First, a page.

1099-K: Online payments and the IRS

Feb. 17, 2012

By Katei Cranford

In the United States, IRS tax form 1099-K, Merchant Card and Third Party Network Payments, has just landed on the desks of merchants who accept and make transactions online.

Aimed at increasing compliance amongst third-party network payment providers and online retailers, the new form is being met with a fair amount of criticism from professionals and legislators in the U.S. Online payments are growing in popularity, particularly as mobile technology and payment systems become more widely available. As this MobilePaymentsToday.com post notes, "over the last year, the global presence and acceptance of mobile payments has truly spread like wildfire," and the IRS wants to cash in on the trend which it deems responsible for the existing tax gap (the difference between what an entity earns versus that which they report.)

Online transactions are a salient scapegoat for the tax gap; Etsy, eBay, and the vast amounts of other small online businesses can often neglect to report income from the multiple sources from which it is derived. Tax form 1099-K works to umbrella the various outlets of income into a single report. The form was created under the Housing and Economic Recovery Act of 2008, which added the 1099-K as a means of tracking electronic transactions.

According to the IRS, "the gross receipts or sales from all business operations (including gross receipts or sales included in any amounts)" should be reported on the 1099-K forms. The aesthetics of 1099-K are similar to tax forms 1099-INT and 1099-DIV on which financial institutions report interest and dividends. Any reportable (taxable) payment transactions must be reported on form 1099-K.

These transactions include those made with a credit card or gift card, or funds accepted as payment via a third-party network like PayPal. Account holders will receive their 1099-K from the individual services providers (Visa, MasterCard, Paypal, etc... .) ATM withdrawals and other examples of cash advances are not included.

Merchant Acquiring Entities

Banks and credit card companies each issue a 1099-K for their account holders. The interesting aspect of the 1099-K involves its inclusion of third-party merchant acquiring entities; PayPal and eBay services are two common examples. According to the IRS, "often called an 'acquiring' or 'merchant' bank, a merchant acquiring entity is the bank or other organization that has the contractual obligation to pay the participating merchant/payee in settlement of payment card transactions."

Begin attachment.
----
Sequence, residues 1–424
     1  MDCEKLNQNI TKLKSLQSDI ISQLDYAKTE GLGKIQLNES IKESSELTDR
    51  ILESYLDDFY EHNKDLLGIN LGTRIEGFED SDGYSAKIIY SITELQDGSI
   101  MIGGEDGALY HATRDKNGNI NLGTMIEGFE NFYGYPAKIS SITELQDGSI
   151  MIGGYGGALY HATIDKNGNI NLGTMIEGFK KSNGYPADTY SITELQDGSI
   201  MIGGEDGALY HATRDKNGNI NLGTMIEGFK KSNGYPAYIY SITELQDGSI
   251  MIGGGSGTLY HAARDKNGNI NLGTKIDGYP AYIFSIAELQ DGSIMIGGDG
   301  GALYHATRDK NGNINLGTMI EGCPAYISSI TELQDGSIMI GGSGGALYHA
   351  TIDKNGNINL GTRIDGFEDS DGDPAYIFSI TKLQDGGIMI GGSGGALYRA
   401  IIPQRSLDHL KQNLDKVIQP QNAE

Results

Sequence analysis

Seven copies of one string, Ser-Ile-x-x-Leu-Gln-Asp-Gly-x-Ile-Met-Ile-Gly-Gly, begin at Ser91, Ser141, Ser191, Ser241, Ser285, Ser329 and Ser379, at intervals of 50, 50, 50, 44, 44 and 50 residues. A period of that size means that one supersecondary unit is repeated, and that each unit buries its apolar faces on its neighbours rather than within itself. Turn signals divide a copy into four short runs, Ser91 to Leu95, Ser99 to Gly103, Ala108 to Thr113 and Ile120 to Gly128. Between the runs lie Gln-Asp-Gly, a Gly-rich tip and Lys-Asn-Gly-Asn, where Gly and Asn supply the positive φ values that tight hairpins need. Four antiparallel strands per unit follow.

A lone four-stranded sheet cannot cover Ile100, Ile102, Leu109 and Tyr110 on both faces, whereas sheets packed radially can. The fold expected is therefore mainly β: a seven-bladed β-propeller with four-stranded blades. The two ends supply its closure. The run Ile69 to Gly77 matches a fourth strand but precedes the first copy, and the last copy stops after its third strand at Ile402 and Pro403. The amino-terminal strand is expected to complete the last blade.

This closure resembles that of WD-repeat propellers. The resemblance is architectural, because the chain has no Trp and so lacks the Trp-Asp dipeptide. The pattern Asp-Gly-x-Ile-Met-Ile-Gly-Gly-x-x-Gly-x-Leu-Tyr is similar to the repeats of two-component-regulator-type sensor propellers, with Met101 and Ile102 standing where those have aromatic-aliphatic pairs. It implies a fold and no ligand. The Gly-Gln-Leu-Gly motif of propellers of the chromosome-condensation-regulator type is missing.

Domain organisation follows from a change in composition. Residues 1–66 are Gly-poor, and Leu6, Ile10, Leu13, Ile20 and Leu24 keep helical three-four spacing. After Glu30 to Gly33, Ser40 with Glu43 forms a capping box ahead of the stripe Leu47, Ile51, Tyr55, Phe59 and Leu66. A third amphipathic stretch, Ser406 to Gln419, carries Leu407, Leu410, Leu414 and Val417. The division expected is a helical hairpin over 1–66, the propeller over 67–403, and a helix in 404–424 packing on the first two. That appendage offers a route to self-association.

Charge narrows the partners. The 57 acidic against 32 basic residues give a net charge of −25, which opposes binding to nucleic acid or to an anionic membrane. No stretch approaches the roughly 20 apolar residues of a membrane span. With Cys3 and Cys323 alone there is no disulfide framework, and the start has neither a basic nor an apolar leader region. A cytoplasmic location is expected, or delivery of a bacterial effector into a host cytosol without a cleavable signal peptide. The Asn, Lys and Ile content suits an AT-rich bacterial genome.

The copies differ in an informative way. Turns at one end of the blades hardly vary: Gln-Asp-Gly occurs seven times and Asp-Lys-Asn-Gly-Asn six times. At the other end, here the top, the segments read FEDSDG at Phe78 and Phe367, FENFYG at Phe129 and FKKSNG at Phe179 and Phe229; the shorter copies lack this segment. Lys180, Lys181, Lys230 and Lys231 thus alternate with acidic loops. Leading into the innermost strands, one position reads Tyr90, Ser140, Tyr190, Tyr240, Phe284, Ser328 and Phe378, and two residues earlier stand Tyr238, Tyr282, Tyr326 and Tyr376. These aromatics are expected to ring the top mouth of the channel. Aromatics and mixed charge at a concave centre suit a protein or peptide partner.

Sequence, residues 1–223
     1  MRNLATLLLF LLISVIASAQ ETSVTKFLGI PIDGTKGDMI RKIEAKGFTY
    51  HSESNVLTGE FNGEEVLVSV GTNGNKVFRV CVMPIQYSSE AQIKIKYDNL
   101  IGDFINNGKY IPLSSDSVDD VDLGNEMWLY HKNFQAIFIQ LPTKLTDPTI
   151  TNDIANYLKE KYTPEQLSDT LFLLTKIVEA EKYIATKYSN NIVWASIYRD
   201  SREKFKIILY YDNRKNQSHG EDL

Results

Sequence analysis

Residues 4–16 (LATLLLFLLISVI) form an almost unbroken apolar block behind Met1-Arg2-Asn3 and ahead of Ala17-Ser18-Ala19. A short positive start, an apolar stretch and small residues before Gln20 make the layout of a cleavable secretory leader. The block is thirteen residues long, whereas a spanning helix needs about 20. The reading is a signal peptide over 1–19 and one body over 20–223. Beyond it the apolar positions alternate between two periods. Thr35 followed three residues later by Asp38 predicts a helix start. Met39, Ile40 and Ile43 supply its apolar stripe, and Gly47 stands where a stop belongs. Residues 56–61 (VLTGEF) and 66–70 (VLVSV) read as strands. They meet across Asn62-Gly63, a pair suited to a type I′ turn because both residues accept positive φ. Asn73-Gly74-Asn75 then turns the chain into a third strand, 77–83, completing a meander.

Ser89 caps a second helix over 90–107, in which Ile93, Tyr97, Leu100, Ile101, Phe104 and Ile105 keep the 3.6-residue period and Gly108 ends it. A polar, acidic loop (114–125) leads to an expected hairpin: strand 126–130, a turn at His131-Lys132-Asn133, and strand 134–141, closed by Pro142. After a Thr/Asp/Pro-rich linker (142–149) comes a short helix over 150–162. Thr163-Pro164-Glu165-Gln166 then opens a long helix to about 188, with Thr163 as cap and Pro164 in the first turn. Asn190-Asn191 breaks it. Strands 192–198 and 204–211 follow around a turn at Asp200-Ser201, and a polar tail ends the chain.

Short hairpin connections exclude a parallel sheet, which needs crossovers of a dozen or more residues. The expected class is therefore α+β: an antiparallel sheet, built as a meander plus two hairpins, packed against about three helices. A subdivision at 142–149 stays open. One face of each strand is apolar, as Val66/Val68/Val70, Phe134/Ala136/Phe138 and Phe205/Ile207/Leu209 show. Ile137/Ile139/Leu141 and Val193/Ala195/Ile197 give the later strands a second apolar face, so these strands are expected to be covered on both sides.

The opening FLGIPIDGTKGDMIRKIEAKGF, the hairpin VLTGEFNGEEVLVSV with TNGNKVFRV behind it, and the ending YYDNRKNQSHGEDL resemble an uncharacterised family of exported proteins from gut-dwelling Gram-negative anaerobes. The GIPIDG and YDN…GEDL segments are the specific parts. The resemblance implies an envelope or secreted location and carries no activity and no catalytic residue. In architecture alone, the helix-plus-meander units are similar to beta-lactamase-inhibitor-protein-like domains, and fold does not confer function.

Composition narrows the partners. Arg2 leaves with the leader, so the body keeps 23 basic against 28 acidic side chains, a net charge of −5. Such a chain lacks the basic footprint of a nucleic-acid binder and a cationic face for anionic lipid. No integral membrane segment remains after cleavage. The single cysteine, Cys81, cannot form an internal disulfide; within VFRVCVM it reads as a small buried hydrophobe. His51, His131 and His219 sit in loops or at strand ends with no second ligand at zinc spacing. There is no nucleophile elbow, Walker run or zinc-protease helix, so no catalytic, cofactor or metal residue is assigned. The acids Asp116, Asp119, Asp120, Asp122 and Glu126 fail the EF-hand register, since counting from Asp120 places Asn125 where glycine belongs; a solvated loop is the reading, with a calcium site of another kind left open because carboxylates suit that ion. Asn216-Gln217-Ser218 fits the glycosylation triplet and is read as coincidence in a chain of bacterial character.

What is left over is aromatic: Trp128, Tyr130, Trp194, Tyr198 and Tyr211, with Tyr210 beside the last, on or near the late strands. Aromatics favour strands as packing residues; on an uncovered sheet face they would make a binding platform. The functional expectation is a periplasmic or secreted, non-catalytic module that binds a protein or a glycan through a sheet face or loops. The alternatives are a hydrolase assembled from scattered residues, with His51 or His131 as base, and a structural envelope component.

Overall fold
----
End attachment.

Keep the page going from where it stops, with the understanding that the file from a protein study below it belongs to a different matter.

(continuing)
These entities are the ones responsible for reporting the gross amount. The merchant banks instruct funds transfers to payees and are therefore the ones who report and send 1099-K forms to their merchant payees. According to the IRS, "when both a merchant acquiring entity and a processor have contractual obligations with the merchant to pay, the entity that submits the instructions to transfer funds to the account of the participating merchant is responsible for preparing and submitting Forms 1099-K to the payee and the IRS."


There are few exemptions for those who must file a 1099-K. However, small merchants may not be required to file a 1099-K at all. Only those who have over 200 transactions which total over $20,000 in annual revenue are required to report a 1099-K.


Experts have noticed several problems with the form 1099-K. The major issue involves the reporting of gross payments and income. Gross reporting does not factor charge backs from returns, exchanges, or erroneous transactions; this makes reconciliation between actual income and gross sales difficult.

Additionally, fears over unnecessarily over-burdening small business owners have created a stir amongst legislatures. Congressman Aaron Shock has introduced the 1099-K Overreach Prevention Act, H.R. 3877, which would prevent the implementation of the 1099-K form.

Schock issued a statement outlining the, "unnecessary IRS requirement that will only lead to more accounting headaches for businesses. [His] concern is that the IRS is asking for flawed information from small businesses by requiring them to reconcile their internal numbers with that of third party entities."

Schock's legislation aims to simplify the 1099-K form and prevent forcing merchants to reconcile their gross revenue based on information obtained from third-parties. Such practices can lead to several costly discrepancies because the third-party information doesn't factor issues of fraud, breakages, customer returns, or any other issues which arise in the retail/restaurant world.

Katei Cranford is a freelance financial writer who enjoys life in the digital age.

Topics: Online / Mobile / Social , Online Services , Operations Management , Policy / Legislation

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